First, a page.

When using a reference type as a generic type argument, use the handle syntax. When using a value type as a generic type argument, use the name of the type directly.

// generics_overview_2.cpp
// compile with: /clr
generic <typename T>

ref class GenericType {};
ref class ReferenceType {};

value struct ValueType {};

int main() {
    GenericType<ReferenceType^> x;
    GenericType<ValueType> y;

Type Parameters

Type parameters in a generic class are treated like other identifiers. However, because the type is not known, there are restrictions on their use. For example, you cannot use members and methods of the type parameter class unless the type parameter is known to support these members. That is, to access a member through the type parameter, you must add the type that contains the member to the type parameter's constraint list.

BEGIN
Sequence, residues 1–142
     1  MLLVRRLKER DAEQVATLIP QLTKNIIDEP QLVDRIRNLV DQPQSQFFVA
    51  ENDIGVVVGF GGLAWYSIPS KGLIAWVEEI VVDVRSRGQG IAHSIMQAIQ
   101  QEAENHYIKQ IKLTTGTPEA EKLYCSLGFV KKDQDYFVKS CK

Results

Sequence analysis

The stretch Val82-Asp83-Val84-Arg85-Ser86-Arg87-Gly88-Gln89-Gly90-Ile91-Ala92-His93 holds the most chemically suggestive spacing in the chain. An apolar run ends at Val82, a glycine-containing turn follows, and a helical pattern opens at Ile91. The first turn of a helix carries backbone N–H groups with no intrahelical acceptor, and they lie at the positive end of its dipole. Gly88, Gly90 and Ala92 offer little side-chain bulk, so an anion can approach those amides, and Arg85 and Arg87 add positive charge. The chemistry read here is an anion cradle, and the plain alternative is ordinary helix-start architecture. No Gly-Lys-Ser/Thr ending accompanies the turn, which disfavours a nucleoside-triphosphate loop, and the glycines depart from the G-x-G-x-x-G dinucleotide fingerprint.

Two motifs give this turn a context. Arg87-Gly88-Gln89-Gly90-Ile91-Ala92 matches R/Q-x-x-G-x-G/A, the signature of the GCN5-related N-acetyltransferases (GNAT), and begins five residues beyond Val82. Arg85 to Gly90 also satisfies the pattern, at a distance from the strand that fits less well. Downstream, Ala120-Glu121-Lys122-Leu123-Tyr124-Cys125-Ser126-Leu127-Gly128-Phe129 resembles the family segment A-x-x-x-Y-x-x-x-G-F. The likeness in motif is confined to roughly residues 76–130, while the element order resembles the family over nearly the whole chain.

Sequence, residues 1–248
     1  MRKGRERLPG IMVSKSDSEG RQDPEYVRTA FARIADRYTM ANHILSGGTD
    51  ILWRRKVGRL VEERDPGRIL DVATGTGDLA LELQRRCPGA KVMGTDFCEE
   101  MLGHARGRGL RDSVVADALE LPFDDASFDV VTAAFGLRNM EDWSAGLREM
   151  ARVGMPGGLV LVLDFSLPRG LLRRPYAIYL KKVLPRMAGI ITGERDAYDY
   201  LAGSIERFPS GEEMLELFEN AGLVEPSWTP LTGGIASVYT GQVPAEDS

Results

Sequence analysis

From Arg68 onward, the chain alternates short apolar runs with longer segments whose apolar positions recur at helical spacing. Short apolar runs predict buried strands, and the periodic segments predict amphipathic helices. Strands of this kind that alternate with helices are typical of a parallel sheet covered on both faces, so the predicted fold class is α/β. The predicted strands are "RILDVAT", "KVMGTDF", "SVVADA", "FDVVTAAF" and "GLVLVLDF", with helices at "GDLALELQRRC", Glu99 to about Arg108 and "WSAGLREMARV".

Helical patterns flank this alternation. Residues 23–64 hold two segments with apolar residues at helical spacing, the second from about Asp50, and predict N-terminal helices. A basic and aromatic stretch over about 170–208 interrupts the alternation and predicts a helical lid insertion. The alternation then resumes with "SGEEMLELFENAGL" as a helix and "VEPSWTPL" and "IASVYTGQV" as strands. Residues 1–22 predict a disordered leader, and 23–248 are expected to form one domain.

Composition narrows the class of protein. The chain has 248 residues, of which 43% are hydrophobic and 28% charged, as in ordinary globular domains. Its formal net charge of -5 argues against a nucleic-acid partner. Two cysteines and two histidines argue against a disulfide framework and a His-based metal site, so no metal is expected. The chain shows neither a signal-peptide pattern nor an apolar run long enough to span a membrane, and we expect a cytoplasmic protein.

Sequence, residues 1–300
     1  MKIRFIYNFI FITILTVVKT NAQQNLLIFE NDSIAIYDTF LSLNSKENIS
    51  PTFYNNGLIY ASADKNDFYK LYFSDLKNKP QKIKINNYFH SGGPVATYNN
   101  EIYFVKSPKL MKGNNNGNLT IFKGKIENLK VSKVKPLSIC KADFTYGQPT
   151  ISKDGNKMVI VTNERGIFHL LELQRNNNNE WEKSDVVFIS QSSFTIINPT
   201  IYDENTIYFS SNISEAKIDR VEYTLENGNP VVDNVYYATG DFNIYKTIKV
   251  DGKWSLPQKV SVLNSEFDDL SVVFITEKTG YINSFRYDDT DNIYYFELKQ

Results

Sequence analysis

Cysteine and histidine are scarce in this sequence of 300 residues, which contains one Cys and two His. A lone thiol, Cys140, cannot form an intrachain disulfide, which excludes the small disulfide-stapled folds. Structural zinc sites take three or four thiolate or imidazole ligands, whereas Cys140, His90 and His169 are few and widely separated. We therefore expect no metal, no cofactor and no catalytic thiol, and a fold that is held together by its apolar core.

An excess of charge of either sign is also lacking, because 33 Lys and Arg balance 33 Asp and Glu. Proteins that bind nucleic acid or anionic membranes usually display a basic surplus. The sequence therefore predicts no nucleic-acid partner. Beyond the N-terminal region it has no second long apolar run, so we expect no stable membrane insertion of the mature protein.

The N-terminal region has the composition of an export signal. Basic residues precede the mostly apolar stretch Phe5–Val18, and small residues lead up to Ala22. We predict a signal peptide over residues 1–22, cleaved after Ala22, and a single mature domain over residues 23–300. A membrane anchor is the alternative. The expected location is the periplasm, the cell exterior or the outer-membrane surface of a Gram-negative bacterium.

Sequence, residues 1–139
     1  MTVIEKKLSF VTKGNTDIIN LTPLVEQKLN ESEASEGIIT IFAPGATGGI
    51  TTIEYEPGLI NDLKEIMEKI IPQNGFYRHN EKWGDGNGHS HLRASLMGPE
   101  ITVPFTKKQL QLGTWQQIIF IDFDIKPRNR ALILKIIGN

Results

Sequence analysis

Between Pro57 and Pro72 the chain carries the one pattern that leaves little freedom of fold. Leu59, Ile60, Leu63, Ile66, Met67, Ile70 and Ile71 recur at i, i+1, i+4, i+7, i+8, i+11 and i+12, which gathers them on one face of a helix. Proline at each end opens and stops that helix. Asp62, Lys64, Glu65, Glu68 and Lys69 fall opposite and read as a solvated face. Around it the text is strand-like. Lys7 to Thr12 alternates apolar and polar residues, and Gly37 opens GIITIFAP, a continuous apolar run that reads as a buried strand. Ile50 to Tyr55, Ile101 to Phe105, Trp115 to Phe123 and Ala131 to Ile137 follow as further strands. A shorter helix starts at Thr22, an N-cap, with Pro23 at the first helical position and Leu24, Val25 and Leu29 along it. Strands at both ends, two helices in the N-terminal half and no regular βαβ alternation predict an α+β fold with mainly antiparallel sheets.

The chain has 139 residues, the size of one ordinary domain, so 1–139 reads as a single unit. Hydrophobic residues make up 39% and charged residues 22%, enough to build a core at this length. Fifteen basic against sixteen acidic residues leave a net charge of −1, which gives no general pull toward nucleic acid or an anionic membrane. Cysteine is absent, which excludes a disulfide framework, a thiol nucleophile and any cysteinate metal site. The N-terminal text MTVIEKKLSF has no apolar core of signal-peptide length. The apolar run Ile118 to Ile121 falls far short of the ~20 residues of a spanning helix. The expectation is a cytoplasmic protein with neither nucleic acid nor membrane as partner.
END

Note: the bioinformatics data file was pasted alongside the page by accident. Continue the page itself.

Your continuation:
// generics_overview_3.cpp
// compile with: /clr
interface class I {
   void f1();
   void f2();

ref struct R : public I {
   virtual void f1() {}
   virtual void f2() {}
   virtual void f3() {}

generic <typename T>
where T : I
void f(T t) {

int main() {
   f(gcnew R());

These restrictions apply to operators as well. An unconstrained generic type parameter may not use the == and != operators to compare two instances of the type parameter, in case the type does not support these operators. These checks are necessary for generics, but not for templates, because generics may be specialized at runtime with any class that satisfies the constraints, when it is too late to check for the use of invalid members.

A default instance of the type parameter may be created by using the () operator. For example:

T t = T();

where T is a type parameter in a generic class or method definition, initializes the variable to its default value. If T is a ref class it will be a null pointer; if T is a value class, the object is initialized to zero. This is called a default initializer.

See also